| 16.4°C Dublin

What lies beneath Twitter rows and online perfection?

If you had a bone to pick with someone, what would you do? You might ask to meet to try to settle your differences, perhaps.

If you couldn't stomach a face-to-face discussion you could call them to have it out, or even text them.

Then again, that sort of confrontation takes real guts.

What if there was a way to release your anger and let that person know exactly what you think, without really having to engage with them at all?

Well, there is. Simply go on-line and vent your feelings on Twitter or Facebook.

It's so much easier to hide behind your computer rather than look into the whites of someone's eyes.

courage

With a few short taps of the keyboard you can get your rage off your chest and feel much better. No courage required.

Of course, this will ultimately be a pointless exercise because you'll resolve nothing, but if instant gratification is what you're after, then it works a treat.

Celebrities certainly seem keen on this approach.

In the past few days alone, singer Justin Bieber targeted actor Orlando Bloom via Twitter after the pair had a brawl in Ibiza, allegedly over Bloom's former partner, supermodel Miranda Kerr.

Meanwhile in Hollywood, the Kardashian sisters were incensed when an ex-girlfriend of their brother Rob mentioned him negatively in an interview.

They immediately issued a few cryptic statements via Twitter to make their feelings known, sending a very pointed public message in the process, which was probably the point.

After all, when you're famous, your gazillions of loyal followers will take your side, no questions asked.

Celebs know how powerful social media is, which is why they always go to extreme lengths to control and manipulate their image with every message they send.

Take Beyonce and Jay Z, for example.

After the infamous elevator incident, when Beyonce's sister Solange physically attacked Bey's rapper husband, they proceeded to post pictures of the three of them looking closer than ever, in an apparent bid to convince their adoring fans that there really wasn't any trouble in paradise, regardless of CCTV footage to the contrary.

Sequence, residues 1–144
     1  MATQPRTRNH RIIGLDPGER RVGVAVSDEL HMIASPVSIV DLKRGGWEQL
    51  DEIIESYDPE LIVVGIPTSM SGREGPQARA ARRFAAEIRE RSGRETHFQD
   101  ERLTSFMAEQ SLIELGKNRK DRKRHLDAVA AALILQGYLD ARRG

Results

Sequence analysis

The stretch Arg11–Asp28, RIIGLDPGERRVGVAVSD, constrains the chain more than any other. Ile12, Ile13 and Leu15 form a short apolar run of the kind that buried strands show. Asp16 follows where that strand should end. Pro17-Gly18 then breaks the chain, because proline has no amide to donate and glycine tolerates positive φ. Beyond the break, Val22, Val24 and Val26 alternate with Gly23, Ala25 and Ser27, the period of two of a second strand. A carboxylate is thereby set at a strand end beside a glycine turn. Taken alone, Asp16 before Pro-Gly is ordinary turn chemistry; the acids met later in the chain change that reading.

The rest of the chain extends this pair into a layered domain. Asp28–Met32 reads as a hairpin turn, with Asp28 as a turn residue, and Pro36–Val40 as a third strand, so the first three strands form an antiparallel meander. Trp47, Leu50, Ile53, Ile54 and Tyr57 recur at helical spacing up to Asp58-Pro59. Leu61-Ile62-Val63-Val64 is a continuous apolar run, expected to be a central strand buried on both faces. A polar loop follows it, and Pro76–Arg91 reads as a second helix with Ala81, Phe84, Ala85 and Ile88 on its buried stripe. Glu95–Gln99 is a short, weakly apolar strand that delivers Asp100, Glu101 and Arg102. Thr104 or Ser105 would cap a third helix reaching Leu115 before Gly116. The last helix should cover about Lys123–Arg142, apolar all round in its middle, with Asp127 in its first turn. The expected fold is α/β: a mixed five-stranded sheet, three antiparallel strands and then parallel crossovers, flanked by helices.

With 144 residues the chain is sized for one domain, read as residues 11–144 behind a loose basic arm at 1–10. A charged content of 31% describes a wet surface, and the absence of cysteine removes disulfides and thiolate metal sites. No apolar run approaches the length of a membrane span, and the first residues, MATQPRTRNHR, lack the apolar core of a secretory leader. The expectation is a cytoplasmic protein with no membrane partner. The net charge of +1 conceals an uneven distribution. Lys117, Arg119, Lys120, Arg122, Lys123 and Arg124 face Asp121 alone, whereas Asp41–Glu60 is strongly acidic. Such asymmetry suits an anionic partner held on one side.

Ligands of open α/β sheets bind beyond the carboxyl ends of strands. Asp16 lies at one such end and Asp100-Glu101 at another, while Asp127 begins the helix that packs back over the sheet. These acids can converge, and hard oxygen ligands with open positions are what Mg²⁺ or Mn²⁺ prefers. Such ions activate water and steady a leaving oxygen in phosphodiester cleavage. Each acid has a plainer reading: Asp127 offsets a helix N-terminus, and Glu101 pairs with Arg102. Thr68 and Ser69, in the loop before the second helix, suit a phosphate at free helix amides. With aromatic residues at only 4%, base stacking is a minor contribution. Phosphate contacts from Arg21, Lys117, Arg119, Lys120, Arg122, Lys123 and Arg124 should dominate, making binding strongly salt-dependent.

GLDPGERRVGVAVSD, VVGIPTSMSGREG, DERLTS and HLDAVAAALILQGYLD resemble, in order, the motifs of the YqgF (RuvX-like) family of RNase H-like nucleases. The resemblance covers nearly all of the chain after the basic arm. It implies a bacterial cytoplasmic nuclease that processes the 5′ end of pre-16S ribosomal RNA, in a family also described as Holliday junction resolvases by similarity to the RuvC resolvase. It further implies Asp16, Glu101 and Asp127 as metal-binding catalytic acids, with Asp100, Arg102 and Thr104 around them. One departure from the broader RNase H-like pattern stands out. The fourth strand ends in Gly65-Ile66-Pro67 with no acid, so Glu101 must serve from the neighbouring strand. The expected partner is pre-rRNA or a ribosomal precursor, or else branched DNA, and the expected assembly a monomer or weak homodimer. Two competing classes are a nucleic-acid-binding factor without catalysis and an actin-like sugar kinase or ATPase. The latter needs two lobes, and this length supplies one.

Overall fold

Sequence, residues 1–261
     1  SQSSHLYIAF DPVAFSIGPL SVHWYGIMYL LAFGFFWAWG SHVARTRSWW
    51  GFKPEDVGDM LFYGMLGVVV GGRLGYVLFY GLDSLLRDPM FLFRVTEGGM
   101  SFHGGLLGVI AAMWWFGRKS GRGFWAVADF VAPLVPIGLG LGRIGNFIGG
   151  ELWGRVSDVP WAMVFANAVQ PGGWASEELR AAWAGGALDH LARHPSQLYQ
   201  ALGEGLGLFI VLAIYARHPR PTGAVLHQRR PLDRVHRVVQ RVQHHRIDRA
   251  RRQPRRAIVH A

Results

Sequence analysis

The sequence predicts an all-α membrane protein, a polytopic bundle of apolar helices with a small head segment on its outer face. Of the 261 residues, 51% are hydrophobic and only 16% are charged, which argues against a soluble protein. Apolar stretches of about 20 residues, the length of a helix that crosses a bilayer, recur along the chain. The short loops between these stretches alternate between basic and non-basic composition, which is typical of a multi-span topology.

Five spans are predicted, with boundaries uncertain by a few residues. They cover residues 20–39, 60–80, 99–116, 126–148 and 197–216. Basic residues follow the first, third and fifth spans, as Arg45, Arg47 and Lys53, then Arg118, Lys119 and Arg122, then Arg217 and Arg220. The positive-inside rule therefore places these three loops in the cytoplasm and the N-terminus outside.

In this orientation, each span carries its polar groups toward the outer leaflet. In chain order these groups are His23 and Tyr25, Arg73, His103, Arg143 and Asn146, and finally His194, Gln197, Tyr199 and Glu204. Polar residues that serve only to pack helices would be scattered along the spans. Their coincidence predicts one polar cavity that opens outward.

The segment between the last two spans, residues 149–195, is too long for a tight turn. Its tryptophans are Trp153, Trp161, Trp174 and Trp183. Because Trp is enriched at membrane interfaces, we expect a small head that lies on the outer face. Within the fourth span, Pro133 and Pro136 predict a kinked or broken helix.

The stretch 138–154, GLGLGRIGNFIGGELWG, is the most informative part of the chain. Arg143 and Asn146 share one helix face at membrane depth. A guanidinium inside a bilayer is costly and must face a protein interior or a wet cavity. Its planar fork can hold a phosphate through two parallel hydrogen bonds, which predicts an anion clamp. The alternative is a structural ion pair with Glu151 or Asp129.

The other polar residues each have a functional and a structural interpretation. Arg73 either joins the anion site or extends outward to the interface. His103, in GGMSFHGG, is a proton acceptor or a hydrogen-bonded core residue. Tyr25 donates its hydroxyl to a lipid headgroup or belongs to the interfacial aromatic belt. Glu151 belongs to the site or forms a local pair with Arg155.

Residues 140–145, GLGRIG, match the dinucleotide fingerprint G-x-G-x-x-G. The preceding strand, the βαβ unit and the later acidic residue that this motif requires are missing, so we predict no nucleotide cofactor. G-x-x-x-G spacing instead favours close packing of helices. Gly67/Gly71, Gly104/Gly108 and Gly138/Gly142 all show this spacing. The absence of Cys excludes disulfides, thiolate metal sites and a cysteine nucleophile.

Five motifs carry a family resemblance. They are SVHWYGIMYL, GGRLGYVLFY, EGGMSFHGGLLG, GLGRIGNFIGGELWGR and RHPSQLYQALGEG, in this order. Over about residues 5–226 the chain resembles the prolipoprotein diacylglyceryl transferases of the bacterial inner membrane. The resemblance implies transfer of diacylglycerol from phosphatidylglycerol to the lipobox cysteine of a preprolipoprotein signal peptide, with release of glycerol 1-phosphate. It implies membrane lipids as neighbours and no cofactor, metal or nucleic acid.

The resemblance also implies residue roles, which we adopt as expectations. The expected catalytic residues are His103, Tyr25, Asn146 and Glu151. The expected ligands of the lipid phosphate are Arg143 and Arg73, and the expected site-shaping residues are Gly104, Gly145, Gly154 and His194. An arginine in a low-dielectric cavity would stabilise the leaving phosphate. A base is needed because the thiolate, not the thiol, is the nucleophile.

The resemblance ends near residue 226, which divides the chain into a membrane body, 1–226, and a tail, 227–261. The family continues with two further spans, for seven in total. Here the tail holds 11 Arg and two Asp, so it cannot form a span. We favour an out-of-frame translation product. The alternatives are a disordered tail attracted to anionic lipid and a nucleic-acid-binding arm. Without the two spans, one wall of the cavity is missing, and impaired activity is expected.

If you think about it, though, most of us are guilty of the same sort of smoke and mirrors.

How many of us ever admit it online when we're having a bad day, for example?

Do we tell the world when we've had a fight with our other half, or when our children are driving us to distraction?

Only the brave among us, in my experience. The rest of us are too busy filling our profiles with cute photos.

But does the picture we paint reflect our true selves?

It's easy to fake a happy-go-lucky persona when you're sitting at your desk, but no one can really tell what lies behind a person's social media facade.

Peaches Geldof springs to mind.

Her Instagram page was a constant stream of pictures of a seemingly idyllic family life, but things were very different behind closed doors.

The truth is, we are all supremely aware that our lives are open to inspection by people we don't even know.

Unless we have our privacy settings on lock-down, then complete strangers can see what we're up to with one click.

Who knows who could be sifting through your family albums?

stalking

Your worst enemy from school could be cyber-stalking you, and you certainly don't want her to know that your life is less than perfect.

That's why we keep posting sickly-sweet selfies with flattering filters, along with the witty one-liners and the inspirational quotes.

At the end of the day, celebrities who engage in Twitter feuding have little to lose. In fact, if you believe that no publicity is bad publicity, they might even have a lucrative new contract to win because of it.

But for the rest of us, washing our dirty laundry in public just isn't worth it.


Privacy